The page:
The beach always gets strewn with litter in high season despite the valiant efforts of City Clean, so a helping hand is welcome. Keep up the campaign through the summer Argus, this is what a local paper should be doing.
i fully agree with other comments the beach is part of the council's "public space and as such must be priority to keep clean .. the comments on Dukes mound have been removed i wonder if the argus "web bots" found them comments a bit to untopical news
gay and homophobic comments they might have been but public sex acts is not i believe legally allowed so why is it common to witness at Dukes mound area ?
[quote][p][bold]HJarrs[/bold] wrote: Well done Argus for building up this story over the last few days and well done those volunteering. A real credit to our wonderful City. The beach always gets strewn with litter in high season despite the valiant efforts of City Clean, so a helping hand is welcome. Keep up the campaign through the summer Argus, this is what a local paper should be doing.[/p][/quote]i fully agree with other comments the beach is part of the council's "public space and as such must be priority to keep clean .. the comments on Dukes mound have been removed i wonder if the argus "web bots" found them comments a bit to untopical news gay and homophobic comments they might have been but public sex acts is not i believe legally allowed so why is it common to witness at Dukes mound area ? Mr chock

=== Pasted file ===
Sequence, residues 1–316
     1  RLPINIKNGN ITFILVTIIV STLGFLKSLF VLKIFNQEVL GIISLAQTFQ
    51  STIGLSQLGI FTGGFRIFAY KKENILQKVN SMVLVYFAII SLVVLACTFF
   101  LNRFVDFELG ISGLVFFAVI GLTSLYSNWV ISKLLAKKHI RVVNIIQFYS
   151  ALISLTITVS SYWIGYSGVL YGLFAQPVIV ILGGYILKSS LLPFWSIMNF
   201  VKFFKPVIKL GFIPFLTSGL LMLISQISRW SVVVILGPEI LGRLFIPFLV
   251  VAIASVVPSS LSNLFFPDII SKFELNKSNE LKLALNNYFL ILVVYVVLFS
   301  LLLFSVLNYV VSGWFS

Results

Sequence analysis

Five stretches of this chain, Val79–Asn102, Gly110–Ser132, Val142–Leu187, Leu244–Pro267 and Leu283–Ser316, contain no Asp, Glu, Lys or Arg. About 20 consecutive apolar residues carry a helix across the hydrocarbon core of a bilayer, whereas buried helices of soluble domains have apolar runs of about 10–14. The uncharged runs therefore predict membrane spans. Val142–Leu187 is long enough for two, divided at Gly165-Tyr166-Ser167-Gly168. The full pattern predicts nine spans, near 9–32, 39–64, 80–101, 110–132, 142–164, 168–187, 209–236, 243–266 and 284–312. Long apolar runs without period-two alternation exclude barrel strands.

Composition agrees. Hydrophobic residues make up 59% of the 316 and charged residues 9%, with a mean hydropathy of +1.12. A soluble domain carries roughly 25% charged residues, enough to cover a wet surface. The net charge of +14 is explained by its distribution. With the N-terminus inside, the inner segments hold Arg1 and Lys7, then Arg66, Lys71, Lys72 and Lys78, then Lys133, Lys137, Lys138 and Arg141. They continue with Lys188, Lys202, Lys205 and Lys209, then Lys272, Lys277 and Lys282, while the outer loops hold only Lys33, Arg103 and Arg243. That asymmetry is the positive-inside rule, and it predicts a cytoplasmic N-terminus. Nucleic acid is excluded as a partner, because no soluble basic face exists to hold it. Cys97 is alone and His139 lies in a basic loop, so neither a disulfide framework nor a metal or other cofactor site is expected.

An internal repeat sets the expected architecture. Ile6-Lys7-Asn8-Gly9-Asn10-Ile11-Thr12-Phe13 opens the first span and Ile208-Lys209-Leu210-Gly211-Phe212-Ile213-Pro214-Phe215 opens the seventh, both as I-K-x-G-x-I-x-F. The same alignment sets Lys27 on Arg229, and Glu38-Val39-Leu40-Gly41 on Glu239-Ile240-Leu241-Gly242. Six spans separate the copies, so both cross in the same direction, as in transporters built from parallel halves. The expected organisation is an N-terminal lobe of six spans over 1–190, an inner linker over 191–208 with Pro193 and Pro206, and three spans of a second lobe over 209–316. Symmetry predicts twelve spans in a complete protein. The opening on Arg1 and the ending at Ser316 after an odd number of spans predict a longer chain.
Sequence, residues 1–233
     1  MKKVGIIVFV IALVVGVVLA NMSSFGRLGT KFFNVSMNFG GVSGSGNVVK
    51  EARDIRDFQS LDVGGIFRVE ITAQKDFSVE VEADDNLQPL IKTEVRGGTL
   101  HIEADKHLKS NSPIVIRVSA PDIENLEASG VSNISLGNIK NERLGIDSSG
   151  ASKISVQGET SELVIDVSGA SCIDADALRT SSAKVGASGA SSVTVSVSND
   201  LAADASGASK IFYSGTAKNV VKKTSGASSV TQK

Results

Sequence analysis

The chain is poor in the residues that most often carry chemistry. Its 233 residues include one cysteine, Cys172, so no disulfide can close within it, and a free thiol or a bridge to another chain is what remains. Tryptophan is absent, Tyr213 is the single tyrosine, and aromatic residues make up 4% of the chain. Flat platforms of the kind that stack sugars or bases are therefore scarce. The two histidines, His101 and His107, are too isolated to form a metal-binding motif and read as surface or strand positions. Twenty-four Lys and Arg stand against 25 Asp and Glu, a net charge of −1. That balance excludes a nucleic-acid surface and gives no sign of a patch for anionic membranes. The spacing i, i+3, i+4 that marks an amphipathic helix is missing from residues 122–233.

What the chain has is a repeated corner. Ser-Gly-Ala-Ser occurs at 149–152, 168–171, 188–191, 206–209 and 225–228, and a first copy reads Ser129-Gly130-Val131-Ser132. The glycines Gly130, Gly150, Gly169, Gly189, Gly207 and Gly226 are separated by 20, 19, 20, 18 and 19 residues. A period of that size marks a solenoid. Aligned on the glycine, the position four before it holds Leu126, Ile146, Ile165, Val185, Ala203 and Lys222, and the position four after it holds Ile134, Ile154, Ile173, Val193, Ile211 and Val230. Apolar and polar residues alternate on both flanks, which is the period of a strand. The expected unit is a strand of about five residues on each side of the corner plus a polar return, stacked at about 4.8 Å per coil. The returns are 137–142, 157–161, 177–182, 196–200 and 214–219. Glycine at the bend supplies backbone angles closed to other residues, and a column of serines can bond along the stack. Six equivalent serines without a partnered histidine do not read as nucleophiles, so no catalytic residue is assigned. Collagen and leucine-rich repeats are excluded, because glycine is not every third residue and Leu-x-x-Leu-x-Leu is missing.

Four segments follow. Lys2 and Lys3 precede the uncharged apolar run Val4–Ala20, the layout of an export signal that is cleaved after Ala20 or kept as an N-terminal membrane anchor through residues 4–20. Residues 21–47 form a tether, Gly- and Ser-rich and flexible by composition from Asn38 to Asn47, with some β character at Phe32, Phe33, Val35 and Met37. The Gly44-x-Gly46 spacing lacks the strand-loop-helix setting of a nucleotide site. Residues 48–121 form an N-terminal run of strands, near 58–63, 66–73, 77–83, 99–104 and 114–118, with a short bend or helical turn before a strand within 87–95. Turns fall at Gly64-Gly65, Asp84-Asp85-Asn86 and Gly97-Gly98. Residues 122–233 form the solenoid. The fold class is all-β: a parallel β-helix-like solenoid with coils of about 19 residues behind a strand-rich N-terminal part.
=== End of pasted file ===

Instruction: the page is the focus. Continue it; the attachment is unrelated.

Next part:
• Score: 0

2:57am Wed 21 May 14

Zeta Function says...

The council's doing a better job of cleaning the beaches this year.

Nevertheless: hot ashes from barbeques continue to injure sea birds. I watched a herring gull yesterday whose foot looked as though it had been severely burnt. It couldn't stand, fly properly, or paddle as what remained of the foot, a scorched twig, hung loose and caused it to flop over. Gulls need their feet to be horizontal when they fly, it helps with the steering and speed of flight.

People need to extinguish barbeques properly. Not leave them smoking on the beach when the cooking's finish.

The injured gull is now starving to death. With no pain relief.
The council's doing a better job of cleaning the beaches this year. Nevertheless: hot ashes from barbeques continue to injure sea birds. I watched a herring gull yesterday whose foot looked as though it had been severely burnt. It couldn't stand, fly properly, or paddle as what remained of the foot, a scorched twig, hung loose and caused it to flop over. Gulls need their feet to be horizontal when they fly, it helps with the steering and speed of flight. People need to extinguish barbeques properly. Not leave them smoking on the beach when the cooking's finish. The injured gull is now starving to death. With no pain relief. Zeta Function